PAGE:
Area high school mountain bikers compete at Fruita endurance race
Special to the Post Independent
A group of Glenwood Springs High School mountain bike racers made up half the winning team at one of the biggest Western Slope mountain bike endurance events of the season, The 18 Hours of Fruita, last Sunday.
Competing as the Trexicorns, the coed four-person squad took the overall title at the race, which began at midnight Friday and finished 18 hours later on the shores of Highline Lake near Loma.
The Trexicorns completed 32 laps of the 7.3-mile course in 17 hours, 51 minutes and 24 seconds, besting Team Dunn, which finished second with 31 laps completed, in 17:47:37.
Results prioritize the total number of laps completed first, and then overall time. A total of 107 mountain bike racers, wearing headlamps, lined up on foot and ran to their bikes in the darkness to start the race. The Le Mans-style start mimics that of the grand-daddy of all endurance mountain bike races, the 24 Hours of Moab.
Racers continued in various team configurations for the next 18 hours, finishing at 6 p.m. on Saturday. Competitors could enter individually or as members of a team of two, four or eight, men’s, women’s or coed.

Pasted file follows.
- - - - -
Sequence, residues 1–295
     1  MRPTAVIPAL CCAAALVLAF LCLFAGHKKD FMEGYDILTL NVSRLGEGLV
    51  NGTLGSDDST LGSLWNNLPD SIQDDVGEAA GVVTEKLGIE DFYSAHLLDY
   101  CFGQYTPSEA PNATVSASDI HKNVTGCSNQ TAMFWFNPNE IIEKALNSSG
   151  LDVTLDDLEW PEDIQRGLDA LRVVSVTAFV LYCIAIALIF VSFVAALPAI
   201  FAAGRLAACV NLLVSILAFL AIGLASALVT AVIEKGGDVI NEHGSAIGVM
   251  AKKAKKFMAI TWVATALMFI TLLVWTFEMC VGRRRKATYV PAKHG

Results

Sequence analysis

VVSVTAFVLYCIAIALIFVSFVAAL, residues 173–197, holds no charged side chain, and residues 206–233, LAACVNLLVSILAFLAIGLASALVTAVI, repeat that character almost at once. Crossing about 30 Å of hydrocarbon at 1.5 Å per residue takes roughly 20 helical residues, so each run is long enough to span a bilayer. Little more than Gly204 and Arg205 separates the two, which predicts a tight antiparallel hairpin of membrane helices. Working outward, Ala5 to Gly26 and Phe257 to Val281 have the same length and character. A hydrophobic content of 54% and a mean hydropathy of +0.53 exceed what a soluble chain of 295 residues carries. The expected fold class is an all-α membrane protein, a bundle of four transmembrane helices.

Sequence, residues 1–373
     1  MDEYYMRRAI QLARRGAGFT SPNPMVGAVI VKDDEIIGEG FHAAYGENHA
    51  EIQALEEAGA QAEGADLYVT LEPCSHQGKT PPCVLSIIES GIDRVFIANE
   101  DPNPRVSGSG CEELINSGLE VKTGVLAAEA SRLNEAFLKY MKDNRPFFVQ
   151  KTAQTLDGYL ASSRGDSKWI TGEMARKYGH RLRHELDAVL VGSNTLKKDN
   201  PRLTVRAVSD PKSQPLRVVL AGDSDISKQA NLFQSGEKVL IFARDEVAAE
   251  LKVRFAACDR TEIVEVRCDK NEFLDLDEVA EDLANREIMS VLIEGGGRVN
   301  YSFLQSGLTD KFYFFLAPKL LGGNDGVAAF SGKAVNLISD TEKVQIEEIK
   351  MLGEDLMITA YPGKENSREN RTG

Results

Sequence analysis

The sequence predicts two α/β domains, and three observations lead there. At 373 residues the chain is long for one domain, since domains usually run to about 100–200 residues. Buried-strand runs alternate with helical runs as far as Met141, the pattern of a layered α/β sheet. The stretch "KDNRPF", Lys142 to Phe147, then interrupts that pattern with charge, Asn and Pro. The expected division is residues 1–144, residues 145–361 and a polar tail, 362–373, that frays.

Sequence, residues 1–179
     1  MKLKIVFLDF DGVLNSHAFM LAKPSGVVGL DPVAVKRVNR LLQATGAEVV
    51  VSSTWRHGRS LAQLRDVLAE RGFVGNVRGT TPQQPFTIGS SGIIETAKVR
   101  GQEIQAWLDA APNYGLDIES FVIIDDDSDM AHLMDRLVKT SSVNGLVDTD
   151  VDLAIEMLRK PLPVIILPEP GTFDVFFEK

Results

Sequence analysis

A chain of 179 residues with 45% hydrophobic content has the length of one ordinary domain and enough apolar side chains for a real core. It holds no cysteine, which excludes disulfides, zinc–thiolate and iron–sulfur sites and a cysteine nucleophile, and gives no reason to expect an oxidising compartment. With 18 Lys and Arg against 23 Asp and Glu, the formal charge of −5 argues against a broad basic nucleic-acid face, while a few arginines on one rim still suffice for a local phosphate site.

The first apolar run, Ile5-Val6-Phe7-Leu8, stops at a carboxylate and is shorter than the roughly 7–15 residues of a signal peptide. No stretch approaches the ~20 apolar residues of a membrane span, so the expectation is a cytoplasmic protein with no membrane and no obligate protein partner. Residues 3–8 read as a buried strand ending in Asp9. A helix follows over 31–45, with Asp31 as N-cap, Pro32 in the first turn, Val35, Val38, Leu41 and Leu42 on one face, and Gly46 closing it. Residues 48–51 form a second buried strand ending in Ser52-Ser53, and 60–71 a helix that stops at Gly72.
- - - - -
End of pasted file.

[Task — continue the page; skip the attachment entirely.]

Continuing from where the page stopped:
The Trexicorns had the winning combination of youthful power and sage experience.
Rising GSHS senior and USA Cycling Olympic Academy rider Chloe Lutgring led the squad, accompanied by GSHS Dirt Demons teammate sophomore Dante Humphrey. Chloe’s father, Hans Lutgring, and Randy Tuggle rounded out the team.
The senior Lutgring is a current coach and Tuggle is the founder and former head coach of the GSHS Dirt Demons.
The popular race has a festival-like atmosphere with costumes, music and punny self-deprecating team names like “Knights of the Buffet Table,” “Will Mike’s Shoulder Hold Up?” and “Team ‘Better Than Howard’s Team.'” Except for the solo category, teams can structure their lap shifts however they want, with some riders doing two to three laps at a shift while their teammates sleep during the night. But every team member has to complete at least one lap.
As the hours pass, the competitive attitude wanes and is replaced by camaraderie and mutual support. Cheering crowds amass along the course and finish area at the Highline Lake Recreation Area campground for the final countdown of the clock to 6 p.m.
The younger Lutgring has made great strides in the larger world of junior off-road cycling, building on her high school racing career with the Glenwood Dirt Demons since 2020. This January, she was awarded a scholarship to join the Olympic Academy, a junior cycling development program which will send her to Europe this summer to compete with the world’s best up-and-coming mountain bikers.
Humphrey is developing as a threat on both the road and dirt. He is sponsored by a Denver-based junior road cycling team and will be competing in Ireland next month. He will trade in his slick road tires for knobbys in the fall and start his second season with the Dirt Demons mountain bike team.
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